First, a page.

In many instances I find in true lawyer drafting style whilst well meaning in an effort to capture “everything” some compensation models are just so over designed, over complicated, inflexible and formulaic, and heavily top line financially focused, they require enormous man hours just to prepare and read all the material let alone the time to make and then appropriately communicate any decision. Furthermore being the good lawyers that we are most models require an appeals process (lest their be breach of natural justice et al) which can further delay final determinations for several weeks or months even.
In short for many firms the time, effort, cost, angst and emotion put into their compensation models has such a negative impact on the firm that it would be far better for the partners to put such energies in several other things.
What then I hear you ask is the perfect compensation model?
Answer: There isn’t one and never will be. Each firm should adopt a model that best suits its culture, strategies, goals and aspirations at a particular time in the firm’s evolution. What works well in one firm may be a disaster in another. Similarly the model or the criteria for the model that worked 2 or 3 years ago may not work now.
Based on what I have experienced and seen I can however suggest that the better compensation models appear to have the following traits:
- they have guidelines (and they are guidelines only not hard and fast rules) and criteria that are simple, easy and quick to understand and administer;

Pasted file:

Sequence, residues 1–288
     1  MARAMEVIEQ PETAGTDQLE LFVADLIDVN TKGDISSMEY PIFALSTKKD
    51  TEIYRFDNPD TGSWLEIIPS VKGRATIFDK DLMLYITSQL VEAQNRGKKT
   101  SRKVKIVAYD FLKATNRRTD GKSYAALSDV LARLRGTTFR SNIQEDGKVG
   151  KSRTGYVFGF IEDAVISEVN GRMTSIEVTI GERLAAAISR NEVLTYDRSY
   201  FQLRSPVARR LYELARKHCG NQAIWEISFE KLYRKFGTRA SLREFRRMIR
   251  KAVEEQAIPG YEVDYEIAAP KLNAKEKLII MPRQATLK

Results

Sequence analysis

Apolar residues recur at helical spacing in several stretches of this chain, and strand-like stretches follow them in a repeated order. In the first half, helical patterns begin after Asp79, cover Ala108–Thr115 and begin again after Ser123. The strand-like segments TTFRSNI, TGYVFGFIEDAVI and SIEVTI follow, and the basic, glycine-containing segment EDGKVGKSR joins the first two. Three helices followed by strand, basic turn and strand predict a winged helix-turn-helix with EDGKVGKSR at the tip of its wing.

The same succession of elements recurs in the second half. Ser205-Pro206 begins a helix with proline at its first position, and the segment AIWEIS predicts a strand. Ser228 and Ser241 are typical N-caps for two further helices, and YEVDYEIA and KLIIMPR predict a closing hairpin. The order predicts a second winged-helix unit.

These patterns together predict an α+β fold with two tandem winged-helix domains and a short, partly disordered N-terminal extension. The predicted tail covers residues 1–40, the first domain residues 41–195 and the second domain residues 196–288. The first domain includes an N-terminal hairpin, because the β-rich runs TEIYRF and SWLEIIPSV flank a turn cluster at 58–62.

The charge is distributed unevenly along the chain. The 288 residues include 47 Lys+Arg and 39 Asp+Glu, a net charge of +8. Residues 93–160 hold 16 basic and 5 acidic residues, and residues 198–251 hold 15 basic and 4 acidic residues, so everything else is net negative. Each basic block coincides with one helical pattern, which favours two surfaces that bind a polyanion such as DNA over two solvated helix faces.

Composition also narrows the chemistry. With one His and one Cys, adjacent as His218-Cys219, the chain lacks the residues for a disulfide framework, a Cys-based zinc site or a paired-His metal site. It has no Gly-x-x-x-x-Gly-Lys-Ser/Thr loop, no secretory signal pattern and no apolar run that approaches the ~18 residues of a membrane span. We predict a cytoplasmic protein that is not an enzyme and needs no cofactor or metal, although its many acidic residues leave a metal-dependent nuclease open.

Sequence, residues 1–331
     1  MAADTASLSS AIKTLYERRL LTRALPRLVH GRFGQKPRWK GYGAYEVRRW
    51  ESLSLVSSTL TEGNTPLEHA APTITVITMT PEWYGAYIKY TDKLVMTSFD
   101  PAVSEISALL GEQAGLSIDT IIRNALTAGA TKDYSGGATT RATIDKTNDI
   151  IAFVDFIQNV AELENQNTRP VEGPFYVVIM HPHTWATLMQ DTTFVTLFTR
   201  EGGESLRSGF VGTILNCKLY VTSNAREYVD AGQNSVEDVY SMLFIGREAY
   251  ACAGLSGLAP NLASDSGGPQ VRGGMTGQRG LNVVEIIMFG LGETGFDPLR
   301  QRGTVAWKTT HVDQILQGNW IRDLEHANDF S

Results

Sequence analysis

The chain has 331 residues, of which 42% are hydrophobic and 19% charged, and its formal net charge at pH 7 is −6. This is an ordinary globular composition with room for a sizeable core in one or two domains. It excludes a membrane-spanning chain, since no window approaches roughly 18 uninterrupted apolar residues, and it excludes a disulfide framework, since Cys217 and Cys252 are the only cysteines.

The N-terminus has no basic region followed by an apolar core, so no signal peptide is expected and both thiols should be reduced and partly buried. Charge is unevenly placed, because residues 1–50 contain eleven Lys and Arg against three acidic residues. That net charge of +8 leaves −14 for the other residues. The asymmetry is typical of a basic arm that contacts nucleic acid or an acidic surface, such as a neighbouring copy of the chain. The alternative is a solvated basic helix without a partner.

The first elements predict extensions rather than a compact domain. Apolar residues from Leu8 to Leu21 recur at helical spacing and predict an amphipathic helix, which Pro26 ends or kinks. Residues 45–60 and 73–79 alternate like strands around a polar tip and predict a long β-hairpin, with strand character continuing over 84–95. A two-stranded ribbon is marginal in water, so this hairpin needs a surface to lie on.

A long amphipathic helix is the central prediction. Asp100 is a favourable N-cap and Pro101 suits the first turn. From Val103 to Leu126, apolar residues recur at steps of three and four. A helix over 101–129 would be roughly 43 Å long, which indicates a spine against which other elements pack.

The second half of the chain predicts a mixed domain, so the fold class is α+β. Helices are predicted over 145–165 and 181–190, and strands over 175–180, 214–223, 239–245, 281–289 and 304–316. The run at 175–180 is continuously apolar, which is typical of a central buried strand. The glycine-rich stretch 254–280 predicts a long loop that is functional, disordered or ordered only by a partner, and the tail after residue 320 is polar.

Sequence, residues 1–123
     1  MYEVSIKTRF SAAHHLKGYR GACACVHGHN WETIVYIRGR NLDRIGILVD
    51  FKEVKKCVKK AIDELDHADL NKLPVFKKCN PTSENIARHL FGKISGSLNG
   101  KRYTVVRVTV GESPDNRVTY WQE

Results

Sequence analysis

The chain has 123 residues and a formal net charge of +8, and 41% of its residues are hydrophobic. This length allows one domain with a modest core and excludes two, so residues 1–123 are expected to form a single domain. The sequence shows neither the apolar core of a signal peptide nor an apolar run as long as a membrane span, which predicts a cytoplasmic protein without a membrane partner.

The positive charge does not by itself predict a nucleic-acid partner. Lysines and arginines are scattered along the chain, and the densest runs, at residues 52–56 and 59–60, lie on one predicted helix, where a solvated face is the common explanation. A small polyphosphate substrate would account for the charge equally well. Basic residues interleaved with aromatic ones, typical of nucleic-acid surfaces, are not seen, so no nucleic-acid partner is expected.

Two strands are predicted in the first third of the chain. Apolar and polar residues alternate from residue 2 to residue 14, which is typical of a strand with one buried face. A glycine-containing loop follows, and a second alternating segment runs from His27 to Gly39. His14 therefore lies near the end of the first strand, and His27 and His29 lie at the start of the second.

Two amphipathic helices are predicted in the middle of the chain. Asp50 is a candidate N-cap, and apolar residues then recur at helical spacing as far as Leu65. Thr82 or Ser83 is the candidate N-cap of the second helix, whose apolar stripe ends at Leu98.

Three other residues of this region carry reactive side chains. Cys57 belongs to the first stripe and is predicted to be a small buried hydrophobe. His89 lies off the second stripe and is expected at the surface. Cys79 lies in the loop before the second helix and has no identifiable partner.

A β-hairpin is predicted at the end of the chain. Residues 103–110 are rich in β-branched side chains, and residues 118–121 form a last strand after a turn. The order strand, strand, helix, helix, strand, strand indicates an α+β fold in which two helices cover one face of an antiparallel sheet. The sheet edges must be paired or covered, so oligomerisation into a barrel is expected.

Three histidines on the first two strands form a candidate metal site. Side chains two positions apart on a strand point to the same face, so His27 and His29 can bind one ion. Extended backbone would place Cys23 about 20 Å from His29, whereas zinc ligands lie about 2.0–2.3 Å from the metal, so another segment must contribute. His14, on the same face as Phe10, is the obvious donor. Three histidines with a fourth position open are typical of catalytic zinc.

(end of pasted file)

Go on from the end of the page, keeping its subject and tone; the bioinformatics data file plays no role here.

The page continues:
- they have a “balanced scorecard” approach and when looking at financial performance do NOT look at revenue so much as profitability and financial hygeine;
- they are less formulaic and rigid and involve a substantial degree of subjectivity and judgement on the part of those making the decisions;
- they contain little or no surprises as hopefully the performance management of the firm is so regular and aligned that every participant pretty much knows how he or she is progressing throughout the year – not just at remuneration time;
- designed to encourage and reward the behaviours the firm is wanting to encourage;
- communication both prior to and subsequent to any decision between the decision maker(s) and the participant is honest, open and done face-to-face (i.e not by memo or email).
Of course if all this is too hard to implement and administer you might consider reverting to the new “old” model – whereby all the firms owners are equal. They are treated as equals and rewarded financially as equals on the basis that each bring to the firm different but important and valuable skills.
If you are going to treat and reward all the partners as equals – then just make sure they all believe in the firm’s vision and aspirations(including financial aspirations),that they all play their required-albeit different-part in achieving this and they act and behave in accordance with the firm’s agreed values. It then goes without saying that partner who does not do any of this rather than financially rewarding them less without hesitation should no longer be a partner.
Hmmm? Tough call. Might be easier to pay them less!